that the two figures for each company were over 90% similar, proving that for the most
part, adjustments could be minimal for ease of use and still yield fairly accurate results
(p. 15).
Why EVA Should Replace Select Other Financial Measures
EVAs advantages stand out even more when it is compared to some other
measures. One aspect about the metric that gives it an edge over most others is that it
serves as a kind of bridge between purer valuation measures and more common, yet

Economic Value Added 23


easier to use measures of financial performance. This helps it to be useful and accurate,
but not cumbersome to use (Mkelinen, 1998). One may still ask, why not use the other
measures that have been made popular over time? The reason is that almost without
exclusion, the other measures have characteristics that seriously inhibit their usefulness.
As examples, several well-known metrics, such as ROI, ROE, and EPS are listed below,
with reasons why they are inadequate as primary measures of performance based on their
composition.
ROI
Those who advocate using EVA and/or similar value based measures claim that
using NPV to determine the Internal Rate of Return (necessary for using the EVA
equation to measure performance) is superior to using ROI (Mkelinen, 1998). Since
(w)ith practical performance measuring the internal rate of return can not be measured
some accounting rate of return is used instead to estimate the rate of return to capital,
managers must choose which substitute, whether NPV of ROI, to use (Mkelinen,
1998). Proponents of EVA believe that using ROI is disadvantageous because ROI has a
tendency to yield flawed results, as would an unadjusted EVA figure (Mkelinen, 1998).
Mkelinen points out that EVA and NPV go hand in hand as also ROI and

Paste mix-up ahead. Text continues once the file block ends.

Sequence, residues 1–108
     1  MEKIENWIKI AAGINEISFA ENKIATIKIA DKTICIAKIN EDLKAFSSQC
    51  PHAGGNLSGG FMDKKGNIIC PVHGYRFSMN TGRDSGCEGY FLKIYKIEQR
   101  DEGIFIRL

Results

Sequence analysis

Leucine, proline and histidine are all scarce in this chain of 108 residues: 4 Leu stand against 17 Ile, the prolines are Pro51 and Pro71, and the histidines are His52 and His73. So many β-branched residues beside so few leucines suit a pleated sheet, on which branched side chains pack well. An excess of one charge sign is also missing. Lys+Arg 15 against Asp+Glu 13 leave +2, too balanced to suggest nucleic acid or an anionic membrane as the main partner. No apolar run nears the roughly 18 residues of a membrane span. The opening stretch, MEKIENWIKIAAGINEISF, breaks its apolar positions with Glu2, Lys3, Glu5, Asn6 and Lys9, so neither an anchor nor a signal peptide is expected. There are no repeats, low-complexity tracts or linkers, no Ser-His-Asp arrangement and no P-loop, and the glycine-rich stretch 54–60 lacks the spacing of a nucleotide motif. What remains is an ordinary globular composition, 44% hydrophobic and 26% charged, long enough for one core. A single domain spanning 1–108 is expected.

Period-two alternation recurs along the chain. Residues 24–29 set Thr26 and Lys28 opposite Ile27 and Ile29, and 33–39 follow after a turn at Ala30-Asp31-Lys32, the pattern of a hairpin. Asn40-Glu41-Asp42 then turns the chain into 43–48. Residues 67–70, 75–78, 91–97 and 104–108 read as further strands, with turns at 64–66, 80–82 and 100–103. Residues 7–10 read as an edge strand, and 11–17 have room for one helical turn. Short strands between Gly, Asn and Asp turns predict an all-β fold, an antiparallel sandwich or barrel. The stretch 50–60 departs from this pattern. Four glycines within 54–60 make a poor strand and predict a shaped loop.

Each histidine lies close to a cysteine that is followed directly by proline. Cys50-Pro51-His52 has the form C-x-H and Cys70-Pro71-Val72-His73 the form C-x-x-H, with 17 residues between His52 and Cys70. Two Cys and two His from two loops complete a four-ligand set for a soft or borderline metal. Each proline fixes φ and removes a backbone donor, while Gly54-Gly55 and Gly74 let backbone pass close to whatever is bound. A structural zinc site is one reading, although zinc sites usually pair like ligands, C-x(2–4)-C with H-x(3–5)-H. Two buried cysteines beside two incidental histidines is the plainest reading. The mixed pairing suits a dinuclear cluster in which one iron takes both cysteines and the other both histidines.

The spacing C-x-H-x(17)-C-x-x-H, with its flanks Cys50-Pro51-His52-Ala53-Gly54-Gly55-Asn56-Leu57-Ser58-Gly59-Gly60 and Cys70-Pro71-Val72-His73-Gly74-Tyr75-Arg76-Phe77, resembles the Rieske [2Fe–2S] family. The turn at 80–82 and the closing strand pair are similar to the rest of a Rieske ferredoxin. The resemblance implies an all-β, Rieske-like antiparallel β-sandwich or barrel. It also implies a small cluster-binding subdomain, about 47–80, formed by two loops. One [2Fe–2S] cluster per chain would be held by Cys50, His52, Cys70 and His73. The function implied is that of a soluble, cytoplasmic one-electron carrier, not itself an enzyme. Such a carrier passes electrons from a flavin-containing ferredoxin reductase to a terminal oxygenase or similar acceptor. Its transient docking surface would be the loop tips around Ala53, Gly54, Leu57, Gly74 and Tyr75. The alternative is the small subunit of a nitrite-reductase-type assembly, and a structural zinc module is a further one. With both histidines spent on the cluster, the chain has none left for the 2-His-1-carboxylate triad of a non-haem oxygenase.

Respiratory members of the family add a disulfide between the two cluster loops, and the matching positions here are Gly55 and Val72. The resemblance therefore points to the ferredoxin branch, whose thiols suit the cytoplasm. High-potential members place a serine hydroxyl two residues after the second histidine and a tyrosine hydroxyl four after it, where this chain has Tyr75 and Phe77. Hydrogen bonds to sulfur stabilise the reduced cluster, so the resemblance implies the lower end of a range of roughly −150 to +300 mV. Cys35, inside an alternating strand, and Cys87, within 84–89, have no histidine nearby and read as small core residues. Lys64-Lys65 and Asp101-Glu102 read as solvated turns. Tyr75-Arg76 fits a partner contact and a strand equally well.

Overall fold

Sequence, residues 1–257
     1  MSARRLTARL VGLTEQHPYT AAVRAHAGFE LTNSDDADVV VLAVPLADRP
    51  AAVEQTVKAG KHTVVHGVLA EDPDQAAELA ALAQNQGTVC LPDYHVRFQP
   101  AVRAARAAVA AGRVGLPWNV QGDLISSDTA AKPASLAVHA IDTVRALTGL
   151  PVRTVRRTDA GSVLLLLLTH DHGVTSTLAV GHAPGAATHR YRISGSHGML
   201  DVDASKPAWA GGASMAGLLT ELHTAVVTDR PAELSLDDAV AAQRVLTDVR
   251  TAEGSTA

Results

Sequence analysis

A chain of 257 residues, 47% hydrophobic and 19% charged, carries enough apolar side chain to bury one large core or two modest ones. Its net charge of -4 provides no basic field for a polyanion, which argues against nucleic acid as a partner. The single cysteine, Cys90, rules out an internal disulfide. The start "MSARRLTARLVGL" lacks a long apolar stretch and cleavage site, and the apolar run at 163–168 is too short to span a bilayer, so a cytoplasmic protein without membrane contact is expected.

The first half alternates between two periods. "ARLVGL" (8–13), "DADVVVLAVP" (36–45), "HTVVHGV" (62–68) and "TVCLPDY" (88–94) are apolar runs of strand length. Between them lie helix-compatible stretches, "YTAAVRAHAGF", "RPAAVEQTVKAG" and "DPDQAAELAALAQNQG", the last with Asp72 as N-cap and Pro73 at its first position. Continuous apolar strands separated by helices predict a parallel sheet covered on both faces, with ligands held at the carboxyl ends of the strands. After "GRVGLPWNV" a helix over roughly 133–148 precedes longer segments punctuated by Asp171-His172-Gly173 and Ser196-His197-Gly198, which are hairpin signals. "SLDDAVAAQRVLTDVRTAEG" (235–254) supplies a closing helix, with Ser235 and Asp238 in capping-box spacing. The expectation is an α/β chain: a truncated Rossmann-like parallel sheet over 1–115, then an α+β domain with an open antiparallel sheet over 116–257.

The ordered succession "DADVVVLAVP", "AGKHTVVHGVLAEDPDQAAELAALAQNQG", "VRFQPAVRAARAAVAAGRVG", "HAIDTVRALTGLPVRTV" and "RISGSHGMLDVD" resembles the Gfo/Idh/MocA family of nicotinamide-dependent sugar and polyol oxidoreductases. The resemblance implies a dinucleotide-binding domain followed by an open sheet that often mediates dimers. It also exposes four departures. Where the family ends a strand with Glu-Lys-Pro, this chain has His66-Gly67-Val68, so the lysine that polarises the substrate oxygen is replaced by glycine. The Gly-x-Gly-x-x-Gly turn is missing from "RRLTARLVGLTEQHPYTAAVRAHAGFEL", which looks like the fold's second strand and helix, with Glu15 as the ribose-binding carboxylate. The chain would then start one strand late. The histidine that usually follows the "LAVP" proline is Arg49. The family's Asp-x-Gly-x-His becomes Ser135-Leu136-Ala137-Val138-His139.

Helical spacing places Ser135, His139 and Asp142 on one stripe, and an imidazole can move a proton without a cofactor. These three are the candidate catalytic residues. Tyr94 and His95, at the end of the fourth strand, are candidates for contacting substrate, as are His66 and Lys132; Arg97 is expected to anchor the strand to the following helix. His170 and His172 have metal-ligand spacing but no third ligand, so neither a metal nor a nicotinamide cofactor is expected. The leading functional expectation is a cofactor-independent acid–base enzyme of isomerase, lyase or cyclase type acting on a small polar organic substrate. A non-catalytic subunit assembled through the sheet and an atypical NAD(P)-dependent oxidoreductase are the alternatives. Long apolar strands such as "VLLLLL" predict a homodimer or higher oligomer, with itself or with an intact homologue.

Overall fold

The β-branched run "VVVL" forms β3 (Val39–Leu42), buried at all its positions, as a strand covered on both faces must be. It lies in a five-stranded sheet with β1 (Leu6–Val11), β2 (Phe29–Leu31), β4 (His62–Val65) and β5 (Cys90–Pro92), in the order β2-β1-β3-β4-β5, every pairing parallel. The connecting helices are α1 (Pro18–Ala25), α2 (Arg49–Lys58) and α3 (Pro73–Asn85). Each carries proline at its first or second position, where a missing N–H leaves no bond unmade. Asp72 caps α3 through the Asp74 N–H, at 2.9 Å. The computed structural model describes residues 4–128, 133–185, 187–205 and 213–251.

IRR (Mkelinen, 1998). Actually, Mkelinen says that both are useful since they both
have different objectives; EVA/NPV is a value creation combination, and IRR/ROI is a
return on funds combination. The objectives are similar yet still different. While it would
be good to increase the pure efficiency of what a company gets for its funds, the more
important goal for a company, according to Mkelinen, is to increase the wealth of
shareholders, or to make the company more valuable (Mkelinen, 1998).

Economic Value Added 24


The reason that increasing NPV/EVA is more beneficial to shareholders than
increasing ROI/IRR can be illustrated in one example such as given by Mkelinen. The
results of the example show that attempting to increase ROI can lead managers to reject
projects that would have built value but would also have diluted the good ROI figures.
The manager who decides to reject projects that have returns less than required for
building ROI but more than required for building NPV misses out on the opportunity to
add real worth to his company, because his standard for returns is too high. What the
manager in this case should do instead is consider all projects that would create value,
regardless of the effect they might have on ROI. In this way he could take advantage of